This post is inspired by my recent work “Inequality in socioemotional skills: a crosscohort comparison” published as a working paper here.
What is Measurement Invariance?
Suppose you’re an HR executive in a large firm, and you want to know: Are workers in your New York office more or less happy with their job than your employees in Mumbai? So you ask both offices to fill in a questionnaire on job satisfaction. The questionnaire is a short version of the Job Satisfaction Survey, aiming to capture two dimensions: satisfaction with the nature of work, and satisfaction with operating conditions. There is a total of 8 items:
Nature of work  

I sometimes feel my job is meaningless. 

I like doing the things I do at work. 

I feel a sense of pride in doing my job. 

My job is enjoyable. 
Operating Conditions  

Many of our rules and procedures make doing a good job difficult. 

My efforts to do a good job are seldom blocked by red tape. 

I have too much to do at work. 

I have too much paperwork. 
Each employee can endorse each statement on three levels: Do not agree (0), Neither agree nor disagree (1), Agree (2).
You might be tempted to take the answers, compute a score for each employee, and compare the mean score in NYC with the mean score in Mumbai. Now consider the following statements that are part of your questionnaire:
 My efforts to do a good job are seldom blocked by red tape
 I sometimes feel my job is meaningless
There are many reasons to suspect that the interpretation of these statements might be very different between the US and India, due to different cultural norms, reference points, and expectations. In effect, two employees with the same answers to these questions, one in NYC and one in Mumbai, might have very different levels of job satisfaction!
Is job satisfaction being measured by your questionnaire in the same way in your two offices? This is a matter of measurement invariance. If your questionnaire is not invariant across these two groups, your interpretation of the scores might be meaningless, or even misleading.
Testing MI
Luckily, measurement invariance is a testable statistical property. In this post, I focus on testing MI using a factor analysis approach.^{1} The basic idea is to estimate a series of nested factor models that place increasing restrictions on parameters across groups – e.g. the NYC and Mumbai offices in the previous example.
A bit more formally, say that \(X^*_{ijg}\) denotes the answer to item \(i\) of your questionnaire by employee \(j\) in group \(g\). Factor analysis models the response to each item as a function of a personspecific latent factor \(\theta_{jg}\) (in this case, job satisfaction), some itemspecific parameters – intercepts \(\nu_{ig}\) and factor loadings \(\lambda_{ig}\) – and a random error \(u_{ijg}\).
\[X^*_{ijg} =\nu_{ig} + \lambda_{ig}\theta_{jg} + u_{ijg}\]
Everything is relatively easypeasy when you observe continuous ratings \(X^*\) directly, such as for example how much the employee agrees with each statement on a scale from 1 to 100. In this case, you estimate:
 A configural invariance model – which places the minimal restrictions for identification – where both intercepts \(\nu\) and loadings \(\lambda\) are left free to vary across groups \(g\)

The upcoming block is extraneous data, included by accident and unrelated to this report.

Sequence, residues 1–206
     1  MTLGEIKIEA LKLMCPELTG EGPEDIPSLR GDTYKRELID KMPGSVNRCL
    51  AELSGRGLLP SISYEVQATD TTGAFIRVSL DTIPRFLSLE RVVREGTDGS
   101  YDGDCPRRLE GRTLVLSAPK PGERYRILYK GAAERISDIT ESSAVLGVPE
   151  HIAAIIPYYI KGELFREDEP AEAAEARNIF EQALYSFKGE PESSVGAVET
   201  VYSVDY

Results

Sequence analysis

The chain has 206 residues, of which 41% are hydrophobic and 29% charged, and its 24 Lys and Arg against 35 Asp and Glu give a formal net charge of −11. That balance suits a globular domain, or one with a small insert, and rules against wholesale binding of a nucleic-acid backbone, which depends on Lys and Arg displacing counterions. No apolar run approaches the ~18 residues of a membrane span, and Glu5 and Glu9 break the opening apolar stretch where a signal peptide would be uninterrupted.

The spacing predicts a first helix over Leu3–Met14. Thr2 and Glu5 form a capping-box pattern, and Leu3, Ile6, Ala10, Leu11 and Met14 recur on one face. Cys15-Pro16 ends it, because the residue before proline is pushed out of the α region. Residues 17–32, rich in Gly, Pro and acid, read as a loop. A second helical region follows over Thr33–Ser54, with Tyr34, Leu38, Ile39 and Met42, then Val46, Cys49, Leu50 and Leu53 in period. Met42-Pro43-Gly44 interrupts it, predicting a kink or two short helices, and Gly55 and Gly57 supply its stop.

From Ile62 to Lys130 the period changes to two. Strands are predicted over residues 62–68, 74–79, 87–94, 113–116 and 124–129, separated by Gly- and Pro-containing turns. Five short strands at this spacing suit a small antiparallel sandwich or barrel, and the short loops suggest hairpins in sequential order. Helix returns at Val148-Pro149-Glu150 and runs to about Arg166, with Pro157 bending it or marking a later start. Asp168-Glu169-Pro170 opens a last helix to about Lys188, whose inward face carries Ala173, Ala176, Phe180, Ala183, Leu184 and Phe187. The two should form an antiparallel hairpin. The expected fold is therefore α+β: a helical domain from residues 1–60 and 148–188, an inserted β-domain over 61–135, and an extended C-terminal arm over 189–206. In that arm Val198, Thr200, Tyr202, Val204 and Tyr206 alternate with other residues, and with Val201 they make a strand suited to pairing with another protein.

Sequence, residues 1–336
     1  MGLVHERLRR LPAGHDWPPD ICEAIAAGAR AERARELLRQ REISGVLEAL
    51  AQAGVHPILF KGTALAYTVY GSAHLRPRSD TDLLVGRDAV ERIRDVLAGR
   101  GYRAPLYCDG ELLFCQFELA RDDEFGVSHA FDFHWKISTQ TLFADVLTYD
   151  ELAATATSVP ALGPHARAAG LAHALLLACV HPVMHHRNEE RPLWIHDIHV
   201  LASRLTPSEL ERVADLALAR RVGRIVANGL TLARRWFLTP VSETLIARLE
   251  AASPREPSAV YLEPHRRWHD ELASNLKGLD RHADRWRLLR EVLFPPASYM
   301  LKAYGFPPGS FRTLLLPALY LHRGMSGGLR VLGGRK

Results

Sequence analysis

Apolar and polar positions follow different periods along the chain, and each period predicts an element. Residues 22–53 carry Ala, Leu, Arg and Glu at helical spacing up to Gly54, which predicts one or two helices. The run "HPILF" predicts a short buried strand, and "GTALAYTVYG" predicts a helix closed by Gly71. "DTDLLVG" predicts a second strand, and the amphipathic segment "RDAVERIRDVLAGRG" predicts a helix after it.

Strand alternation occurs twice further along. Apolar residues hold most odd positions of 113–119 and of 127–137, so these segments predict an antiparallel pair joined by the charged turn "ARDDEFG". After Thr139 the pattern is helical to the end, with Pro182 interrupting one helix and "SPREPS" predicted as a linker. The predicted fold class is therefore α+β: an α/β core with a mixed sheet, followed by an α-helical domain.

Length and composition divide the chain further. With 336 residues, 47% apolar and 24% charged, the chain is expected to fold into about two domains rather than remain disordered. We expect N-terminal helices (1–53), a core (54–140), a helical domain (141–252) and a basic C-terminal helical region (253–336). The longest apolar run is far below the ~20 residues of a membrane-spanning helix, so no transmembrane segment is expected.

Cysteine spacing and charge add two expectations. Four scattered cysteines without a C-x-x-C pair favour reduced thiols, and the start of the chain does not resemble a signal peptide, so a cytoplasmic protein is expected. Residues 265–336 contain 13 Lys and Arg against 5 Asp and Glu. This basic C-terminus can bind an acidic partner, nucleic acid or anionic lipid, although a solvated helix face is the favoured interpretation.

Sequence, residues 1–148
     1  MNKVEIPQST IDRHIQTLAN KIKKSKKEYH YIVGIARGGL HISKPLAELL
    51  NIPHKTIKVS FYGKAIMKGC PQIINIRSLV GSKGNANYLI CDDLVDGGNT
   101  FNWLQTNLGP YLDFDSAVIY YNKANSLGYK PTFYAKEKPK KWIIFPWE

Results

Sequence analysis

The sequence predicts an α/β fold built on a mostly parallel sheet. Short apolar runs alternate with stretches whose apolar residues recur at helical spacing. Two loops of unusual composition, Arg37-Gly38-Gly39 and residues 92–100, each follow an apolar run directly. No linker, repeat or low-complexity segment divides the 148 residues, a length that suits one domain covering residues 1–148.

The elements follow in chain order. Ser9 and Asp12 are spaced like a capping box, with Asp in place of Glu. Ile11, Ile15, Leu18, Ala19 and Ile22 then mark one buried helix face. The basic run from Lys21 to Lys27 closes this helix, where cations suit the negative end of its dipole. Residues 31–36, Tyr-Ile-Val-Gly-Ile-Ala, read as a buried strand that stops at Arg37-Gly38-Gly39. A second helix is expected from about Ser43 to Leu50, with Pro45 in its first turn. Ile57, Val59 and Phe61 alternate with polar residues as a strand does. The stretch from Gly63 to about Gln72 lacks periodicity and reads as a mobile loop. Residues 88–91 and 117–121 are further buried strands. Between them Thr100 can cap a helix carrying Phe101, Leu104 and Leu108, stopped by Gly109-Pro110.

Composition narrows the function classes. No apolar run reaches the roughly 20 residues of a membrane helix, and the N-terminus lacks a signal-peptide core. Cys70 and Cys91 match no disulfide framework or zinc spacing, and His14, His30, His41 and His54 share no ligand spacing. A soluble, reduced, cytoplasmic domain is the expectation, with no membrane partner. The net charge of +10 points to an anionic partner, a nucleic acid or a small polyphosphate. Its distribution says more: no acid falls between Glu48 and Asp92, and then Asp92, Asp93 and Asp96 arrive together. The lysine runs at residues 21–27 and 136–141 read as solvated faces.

A metric invariance model, which constrains the loadings \(\lambda\) to be equal across groups
 A scalar invariance model, which additionally constrains intercepts \(\nu\) to be equal across groups
 A full/uniqueness invariance model, which additionally constrains the variances of the error terms \(u\)
You can then compare the fit of these models and check which level of invariance is satisfied. This can be done by comparing absolute or relative fit indices – like the RMSEA, TuckerLewis Index, Comparative Fit Index, among others. If the scalar invariance model fits as well as the configural invariance model, you can safely compare the means of the latent variables. This is a very brief treatment of the issue: if you want to know more, good places to start are Vandenberg and Lance (2000) or Sass (2011).
Measurement Invariance with categorical measures
Things get a bit less easypeasy when you only observe discrete/categorical manifestations of the questionnaire items. For example, each item might be recorded on a 5point Likerttype scale (from “completely disagree” to “completely agree”), or just in a binary fashion (yes/no). Treating these as continuous is not a good idea, as it implies a potentially dangerous linear approximation.
In our HR example, employees filling your job satisfaction questionnaire could endorse each statement on three levels: Do not agree (0), Neither agree nor disagree (1), Agree (2). All you observe are these ordered values \(X_{ijg}\), instead of the continuous \(X^*_{ijg}\). You thus need to introduce additional itemspecific threshold parameters \(\tau_{s,ig}\) to map the observed \(X\) to the unobserved \(X^*\), as follows:
\[X_{ijg} = s \qquad \text{if} \; \tau_{s,ig} \leq X^*_{ijg} < \tau_{s+1,ig} \qquad \text{for} \; s=0,1,2.\]
For the statisticians and econometricians in the room, this formulation is very much analogous to a discrete choice model, like for example ordered probit or logit. This additional set of parameters complicates identification, because – just like in an ordered probit model – it requires additional normalisations. Thankfully, a recent Psychometrika paper by Wu and Estabrook (2016) lays out the conditions for identification in this type of model in great detail. The R syntax below follows their approach closely.
An example in R
Ok now, how do we conduct this measurement invariance analysis in R? Here I will be using the brilliant lavaan
package, in particular its cfa
function which estimates Confirmatory Factor Analysis models.^{2}
library(lavaan)
I’ve simulated some data for a thousand employees in our firm, 400 in NYC and 400 in Mumbai. For each of the employees, there’s a response to eight items (\(X_{1jg}\) to \(X_{8jg}\)) in three categories:
summary(sample)
## x1 x2 x3 x4
## Disagree:303 Disagree:264 Disagree:375 Disagree:269
## Neither :159 Neither :188 Neither :148 Neither :104
## Agree :338 Agree :348 Agree :277 Agree :427
## x5 x6 x7 x8 office
## Disagree:457 Disagree:180 Disagree:301 Disagree:398 NYC :400
## Neither :119 Neither :139 Neither :263 Neither :179 Mumbai:400
## Agree :224 Agree :481 Agree :236 Agree :223
The configural model